Fruit

Bourbon Peaches with Classic Vanilla Ice Cream

Bourbon Peaches with Classic Vanilla Ice Cream

So, I deviated from my meal plan. I’m sorry but I had to. You know how on Wednesday I was planning to make raspberry ripple ice cream? Well I saw some delicious looking last-of-the-season peaches and I had to snap them up. I figured I’d adapt my recipe and make vanilla ice cream – something that despite having quite a varied ice cream repertoire, I can’t remember ever making before. I topped it off with said peaches rolled in brown sugar and flambéed in bourbon. Not to toot my own horn or anything, but it was pretty top. What can beat a delicious, boozy ice cream sundae to send off summer? Made for eating on a patio wrapped in a waffle knit blanket as the sun ducks down behind the trees. Because it’s autumn now, you know.

Bourbon Peaches with Classic Vanilla Ice Cream Bourbon Peaches with Classic Vanilla Ice Cream

My peaches were pretty wrinkly by time of consumption. Personally, I think that’s ok, as we’re cooking them down a little so they lose a bit of firmness anyhow. You could use tinned peaches for this too, in a pinch. I kinda like tinned peaches. I don’t mind leaving the skins on mine, mainly because it’s a faff to take them off, but if you’re a texture stickler, feel free to free those guys from their jackets.

For the ice cream, I used the same method that I used for my Yorkshire Tea Ice Cream recipe, but obviously skipped the part where we infused the tea. I was watching The Mind of a Chef (season one) the other night and that told me that this is a traditional “creme anglais” base, which I guess makes sense. It’s basically equal parts milk and cream, and then a shit-tonne of egg yolks. It’s very rich and kinda eggy – but that suits me down to the ground. I don’t have much of an inclination towards volume when it comes to ice cream, usually it’s just a scoop or two, so I need it to be super satisfying.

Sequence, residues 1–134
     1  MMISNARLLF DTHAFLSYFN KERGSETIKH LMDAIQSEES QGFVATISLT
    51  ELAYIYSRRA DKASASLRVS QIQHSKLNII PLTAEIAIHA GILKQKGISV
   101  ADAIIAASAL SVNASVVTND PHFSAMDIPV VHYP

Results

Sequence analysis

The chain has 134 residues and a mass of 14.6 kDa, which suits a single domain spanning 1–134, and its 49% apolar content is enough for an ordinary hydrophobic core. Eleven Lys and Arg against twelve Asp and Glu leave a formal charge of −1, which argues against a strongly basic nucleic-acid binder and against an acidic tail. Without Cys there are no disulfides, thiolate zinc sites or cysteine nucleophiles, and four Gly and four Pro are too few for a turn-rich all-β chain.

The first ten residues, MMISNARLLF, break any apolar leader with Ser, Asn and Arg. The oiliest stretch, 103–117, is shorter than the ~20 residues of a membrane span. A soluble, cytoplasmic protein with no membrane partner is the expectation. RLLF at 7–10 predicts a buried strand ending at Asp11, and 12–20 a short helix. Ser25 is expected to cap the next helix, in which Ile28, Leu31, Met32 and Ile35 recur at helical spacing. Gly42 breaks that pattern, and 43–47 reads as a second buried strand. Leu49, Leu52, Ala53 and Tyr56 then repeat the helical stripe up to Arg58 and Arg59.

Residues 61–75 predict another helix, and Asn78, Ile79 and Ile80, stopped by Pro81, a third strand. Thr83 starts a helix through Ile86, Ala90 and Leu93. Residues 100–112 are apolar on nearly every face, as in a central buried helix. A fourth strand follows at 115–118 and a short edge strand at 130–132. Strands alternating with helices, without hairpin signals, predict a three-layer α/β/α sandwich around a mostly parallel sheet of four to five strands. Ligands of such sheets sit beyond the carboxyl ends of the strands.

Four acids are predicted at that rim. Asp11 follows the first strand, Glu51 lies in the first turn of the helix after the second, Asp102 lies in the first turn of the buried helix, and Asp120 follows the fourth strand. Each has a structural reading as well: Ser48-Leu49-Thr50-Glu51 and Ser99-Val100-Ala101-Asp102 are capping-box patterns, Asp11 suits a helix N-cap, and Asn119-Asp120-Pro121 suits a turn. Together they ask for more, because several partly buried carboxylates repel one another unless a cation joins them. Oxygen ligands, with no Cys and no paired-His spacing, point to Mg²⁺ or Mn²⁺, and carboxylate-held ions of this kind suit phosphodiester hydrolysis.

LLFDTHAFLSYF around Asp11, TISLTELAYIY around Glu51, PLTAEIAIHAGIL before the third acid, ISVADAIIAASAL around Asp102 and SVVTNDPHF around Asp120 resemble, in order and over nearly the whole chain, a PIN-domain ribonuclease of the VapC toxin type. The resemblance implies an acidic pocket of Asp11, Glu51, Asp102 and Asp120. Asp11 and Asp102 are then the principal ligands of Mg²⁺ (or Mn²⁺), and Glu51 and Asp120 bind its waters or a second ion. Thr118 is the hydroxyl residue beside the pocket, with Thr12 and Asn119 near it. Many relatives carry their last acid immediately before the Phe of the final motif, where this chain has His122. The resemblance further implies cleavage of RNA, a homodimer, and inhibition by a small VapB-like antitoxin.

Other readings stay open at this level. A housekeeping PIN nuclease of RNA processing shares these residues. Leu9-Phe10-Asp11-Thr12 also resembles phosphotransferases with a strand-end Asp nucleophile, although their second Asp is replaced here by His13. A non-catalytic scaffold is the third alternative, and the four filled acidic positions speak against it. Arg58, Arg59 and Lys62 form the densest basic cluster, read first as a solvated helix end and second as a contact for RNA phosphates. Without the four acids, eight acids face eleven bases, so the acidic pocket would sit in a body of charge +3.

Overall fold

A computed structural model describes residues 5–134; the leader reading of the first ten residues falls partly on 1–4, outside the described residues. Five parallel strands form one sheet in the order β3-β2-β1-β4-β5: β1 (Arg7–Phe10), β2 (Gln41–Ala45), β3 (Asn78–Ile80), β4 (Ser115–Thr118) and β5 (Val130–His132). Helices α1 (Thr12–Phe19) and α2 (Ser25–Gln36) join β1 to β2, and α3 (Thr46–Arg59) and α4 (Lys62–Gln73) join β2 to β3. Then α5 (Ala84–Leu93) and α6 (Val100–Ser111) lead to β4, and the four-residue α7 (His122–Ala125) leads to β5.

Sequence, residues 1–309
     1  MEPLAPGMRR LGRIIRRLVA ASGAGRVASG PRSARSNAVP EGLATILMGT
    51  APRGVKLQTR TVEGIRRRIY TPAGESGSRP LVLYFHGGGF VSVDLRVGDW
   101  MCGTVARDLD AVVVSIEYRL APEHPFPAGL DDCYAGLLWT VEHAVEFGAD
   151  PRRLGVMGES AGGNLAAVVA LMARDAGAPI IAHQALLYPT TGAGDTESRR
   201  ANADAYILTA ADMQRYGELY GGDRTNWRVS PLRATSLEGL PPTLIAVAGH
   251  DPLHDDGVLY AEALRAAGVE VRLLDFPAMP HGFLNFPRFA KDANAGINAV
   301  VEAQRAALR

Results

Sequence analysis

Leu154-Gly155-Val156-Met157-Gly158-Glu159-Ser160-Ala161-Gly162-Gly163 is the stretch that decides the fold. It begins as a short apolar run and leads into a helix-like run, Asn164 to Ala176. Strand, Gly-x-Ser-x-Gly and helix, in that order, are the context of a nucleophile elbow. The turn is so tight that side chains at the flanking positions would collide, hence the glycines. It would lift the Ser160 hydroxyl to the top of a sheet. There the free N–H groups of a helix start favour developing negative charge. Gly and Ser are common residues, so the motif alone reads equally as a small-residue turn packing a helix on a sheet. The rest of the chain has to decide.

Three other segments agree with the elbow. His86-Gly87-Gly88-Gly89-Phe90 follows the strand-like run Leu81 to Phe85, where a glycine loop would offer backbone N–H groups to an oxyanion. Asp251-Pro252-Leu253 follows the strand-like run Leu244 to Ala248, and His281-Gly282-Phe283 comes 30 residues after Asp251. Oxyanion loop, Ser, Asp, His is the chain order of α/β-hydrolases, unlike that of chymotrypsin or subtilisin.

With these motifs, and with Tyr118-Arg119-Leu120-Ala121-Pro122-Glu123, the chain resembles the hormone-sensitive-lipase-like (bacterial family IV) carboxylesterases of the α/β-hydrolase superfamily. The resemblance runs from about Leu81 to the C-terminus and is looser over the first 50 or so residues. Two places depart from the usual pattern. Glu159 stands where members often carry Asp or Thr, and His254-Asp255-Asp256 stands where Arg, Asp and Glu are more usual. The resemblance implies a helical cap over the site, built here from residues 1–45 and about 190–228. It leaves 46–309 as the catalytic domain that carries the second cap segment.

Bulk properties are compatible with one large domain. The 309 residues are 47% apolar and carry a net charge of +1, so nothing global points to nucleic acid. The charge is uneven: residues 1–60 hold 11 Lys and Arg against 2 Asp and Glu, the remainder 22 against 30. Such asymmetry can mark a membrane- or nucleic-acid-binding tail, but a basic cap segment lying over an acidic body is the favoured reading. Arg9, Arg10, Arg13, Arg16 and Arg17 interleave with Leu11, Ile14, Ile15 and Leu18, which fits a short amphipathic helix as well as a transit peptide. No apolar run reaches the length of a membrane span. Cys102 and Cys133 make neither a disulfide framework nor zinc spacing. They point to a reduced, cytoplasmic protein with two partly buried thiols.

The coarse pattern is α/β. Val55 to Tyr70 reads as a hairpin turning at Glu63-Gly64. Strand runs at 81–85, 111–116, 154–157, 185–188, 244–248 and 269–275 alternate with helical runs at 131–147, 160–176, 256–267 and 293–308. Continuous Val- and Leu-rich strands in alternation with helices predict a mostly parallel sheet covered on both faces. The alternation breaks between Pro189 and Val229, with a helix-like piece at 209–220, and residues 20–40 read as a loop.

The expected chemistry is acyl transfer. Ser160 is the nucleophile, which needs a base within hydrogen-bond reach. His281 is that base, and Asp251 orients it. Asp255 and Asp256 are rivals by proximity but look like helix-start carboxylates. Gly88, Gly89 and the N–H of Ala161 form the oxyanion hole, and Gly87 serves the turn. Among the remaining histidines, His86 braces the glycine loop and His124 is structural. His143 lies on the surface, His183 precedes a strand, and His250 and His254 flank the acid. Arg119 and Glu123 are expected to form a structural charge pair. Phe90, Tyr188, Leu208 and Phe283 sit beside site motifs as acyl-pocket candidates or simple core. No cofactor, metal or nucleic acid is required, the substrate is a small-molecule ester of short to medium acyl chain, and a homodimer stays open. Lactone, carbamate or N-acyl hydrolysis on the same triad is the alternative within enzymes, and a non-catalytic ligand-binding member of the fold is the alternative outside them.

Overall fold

When it comes to vanilla, as with a lot of ingredients, you get out what you put in. Essence is a hell no, it’s the cheap, synthetic stuff that contains little actual vanilla. Extract is good, even better is vanilla bean paste or an actual vanilla pod, if you could get your hands on that. Trust me, if you have the money, spend it. A bottle of extract or paste lasts for a long time in your cupboard and you can use it in countless recipes – paying for quality will pay off in your baking. Plus, you get the satisfaction of seeing the little vanilla seeds in whatever you make. I’m easily pleased like that.

Bourbon Peaches with Classic Vanilla Ice Cream

I’m relatively confident when it comes to cooking with alcohol in savoury dishes, but I’m a bit hazy on sweet stuff. I guessed the amount of alcohol to cook the peaches in, and it seemed to work well, they were neither too strong or too bland. You can, of course, tailor the alcohol level to suit your tastes. I used a slug of my old favourite from back in my student days, Jim Beam. I love that guy. He’s always there.